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'Glow-in-the-dark' proteins could help diagnose viral diseases

'Glow-in-the-dark' proteins could help diagnose viral diseases
Proteins that glow bright blue or green, as pictured here, could make disease diagnosis quicker and easier. Credit: Maarten Merkx

Despite recent advancements, many highly sensitive diagnostic tests for viral diseases still require complicated techniques to prepare a sample or interpret a result, making them impractical for point-of-care settings or areas with few resources. But now, a team reporting in ACS Central Science has developed a sensitive method that analyzes viral nucleic acids in as little as 20 minutes and can be completed in one step with "glow-in-the-dark" proteins.

The firefly's flash, the anglerfish's glowing lure and the ghostly blue of phytoplankton-covered beaches are all powered by the same scientific phenomenon known as bioluminescence. A chemical reaction involving the causes the luminescent, glow-in-the-dark effect. The luciferase protein has been incorporated into sensors that emit an easily observed light when they find their target. This simplicity makes these types of sensors ideal for point-of-care testing, but so far, they've lacked the incredibly high sensitivity required of a clinical diagnostic test.

The gene-editing technique known as CRISPR could provide this ability, but it requires many steps and additional specialized equipment to detect what can be a low signal in a complex, noisy sample. So, Maarten Merkx and colleagues wanted to use CRISPR-related proteins, but combine them with a bioluminescence technique whose signal could be detected with just a digital camera.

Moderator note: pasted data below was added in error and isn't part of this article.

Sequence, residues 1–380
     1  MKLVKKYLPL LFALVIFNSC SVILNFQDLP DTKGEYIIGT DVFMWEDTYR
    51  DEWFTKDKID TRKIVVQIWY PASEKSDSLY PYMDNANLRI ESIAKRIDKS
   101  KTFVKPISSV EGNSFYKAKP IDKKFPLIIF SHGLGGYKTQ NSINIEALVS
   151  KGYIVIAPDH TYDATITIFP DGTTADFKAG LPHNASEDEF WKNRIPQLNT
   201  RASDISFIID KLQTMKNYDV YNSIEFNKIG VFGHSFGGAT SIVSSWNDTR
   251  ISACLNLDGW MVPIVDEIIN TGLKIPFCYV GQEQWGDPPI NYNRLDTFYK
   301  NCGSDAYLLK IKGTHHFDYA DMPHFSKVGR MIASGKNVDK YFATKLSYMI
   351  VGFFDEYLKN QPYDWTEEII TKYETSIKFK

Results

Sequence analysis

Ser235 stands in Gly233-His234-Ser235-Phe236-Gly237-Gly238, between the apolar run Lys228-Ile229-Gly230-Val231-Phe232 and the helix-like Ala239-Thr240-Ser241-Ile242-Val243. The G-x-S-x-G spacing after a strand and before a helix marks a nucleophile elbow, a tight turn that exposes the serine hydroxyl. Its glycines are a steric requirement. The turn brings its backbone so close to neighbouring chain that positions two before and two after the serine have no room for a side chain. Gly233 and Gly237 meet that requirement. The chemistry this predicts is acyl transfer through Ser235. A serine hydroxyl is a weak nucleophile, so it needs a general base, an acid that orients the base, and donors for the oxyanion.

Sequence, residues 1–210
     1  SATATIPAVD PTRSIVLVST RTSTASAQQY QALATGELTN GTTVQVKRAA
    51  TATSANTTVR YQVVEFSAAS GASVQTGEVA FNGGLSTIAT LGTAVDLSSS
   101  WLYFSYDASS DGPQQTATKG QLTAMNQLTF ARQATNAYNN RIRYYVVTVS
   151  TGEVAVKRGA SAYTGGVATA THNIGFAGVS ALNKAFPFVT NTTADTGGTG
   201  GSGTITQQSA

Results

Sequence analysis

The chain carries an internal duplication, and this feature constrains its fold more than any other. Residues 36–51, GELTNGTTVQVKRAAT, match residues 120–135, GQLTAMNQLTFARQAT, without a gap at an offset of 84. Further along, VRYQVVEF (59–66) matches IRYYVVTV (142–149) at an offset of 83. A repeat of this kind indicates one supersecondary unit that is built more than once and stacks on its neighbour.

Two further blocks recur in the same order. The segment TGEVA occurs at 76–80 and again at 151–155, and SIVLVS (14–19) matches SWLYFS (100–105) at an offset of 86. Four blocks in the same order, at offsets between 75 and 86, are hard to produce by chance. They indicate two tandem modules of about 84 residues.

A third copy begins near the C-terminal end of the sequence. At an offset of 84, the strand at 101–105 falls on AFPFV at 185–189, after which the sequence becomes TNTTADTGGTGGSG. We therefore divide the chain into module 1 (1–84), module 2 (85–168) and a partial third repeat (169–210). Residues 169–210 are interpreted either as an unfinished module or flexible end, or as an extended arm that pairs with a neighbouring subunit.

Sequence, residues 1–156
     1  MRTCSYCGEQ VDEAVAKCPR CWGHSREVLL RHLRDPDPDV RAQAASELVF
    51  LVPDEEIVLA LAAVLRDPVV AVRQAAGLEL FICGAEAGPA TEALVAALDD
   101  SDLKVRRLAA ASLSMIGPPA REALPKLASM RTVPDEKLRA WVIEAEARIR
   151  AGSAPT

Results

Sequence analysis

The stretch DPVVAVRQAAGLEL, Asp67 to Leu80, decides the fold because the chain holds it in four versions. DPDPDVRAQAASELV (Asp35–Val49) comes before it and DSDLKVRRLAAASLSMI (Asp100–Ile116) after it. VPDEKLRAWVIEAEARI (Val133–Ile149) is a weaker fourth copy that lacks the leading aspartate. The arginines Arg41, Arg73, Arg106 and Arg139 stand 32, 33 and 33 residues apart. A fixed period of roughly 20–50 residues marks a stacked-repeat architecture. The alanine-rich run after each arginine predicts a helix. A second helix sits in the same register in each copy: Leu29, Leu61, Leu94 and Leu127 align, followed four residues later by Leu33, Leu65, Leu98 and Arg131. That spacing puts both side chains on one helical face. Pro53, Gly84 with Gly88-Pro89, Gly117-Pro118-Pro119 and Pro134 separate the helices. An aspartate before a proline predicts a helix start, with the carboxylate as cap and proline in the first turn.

To make sure there was enough sample RNA or DNA to analyze, the researchers performed recombinase polymerase amplification (RPA), a simple method that works at a constant temperature of about 100 F. With the new technique, called LUNAS (luminescent nucleic acid sensor), two CRISPR/Cas9 proteins specific for different neighboring parts of a viral genome each have a distinct fragment of luciferase attached to them.

If a specific viral genome that the researchers were testing for was present, the two CRISPR/Cas9 proteins would bind to the targeted nucleic acid sequences and come close to each other, allowing the complete luciferase protein to form and shine blue light in the presence of a chemical substrate. To account for this substrate being used up, the researchers used a control reaction that shined green. A tube that changed from green to blue indicated a positive result.

When tested on clinical samples collected from nasal swabs, RPA-LUNAS successfully detected SARS-CoV-2 RNA within 20 minutes, even at concentrations as low as 200 copies per microliter. The researchers say that the LUNAS assay has great potential for detecting many other viruses effectively and easily.

More information: Glow-in-the-Dark Infectious Disease Diagnostics Using CRISPR-Cas9-Based Split Luciferase Complementation, ACS Central Science (2023). DOI: 10.1021/acscentsci.2c01467

Journal information: ACS Central Science

Citation: 'Glow-in-the-dark' proteins could help diagnose viral diseases (2023, March 15) retrieved 5 March 2024 from https://phys.org/news/2023-03-glow-in-the-dark-proteins-viral-diseases.html
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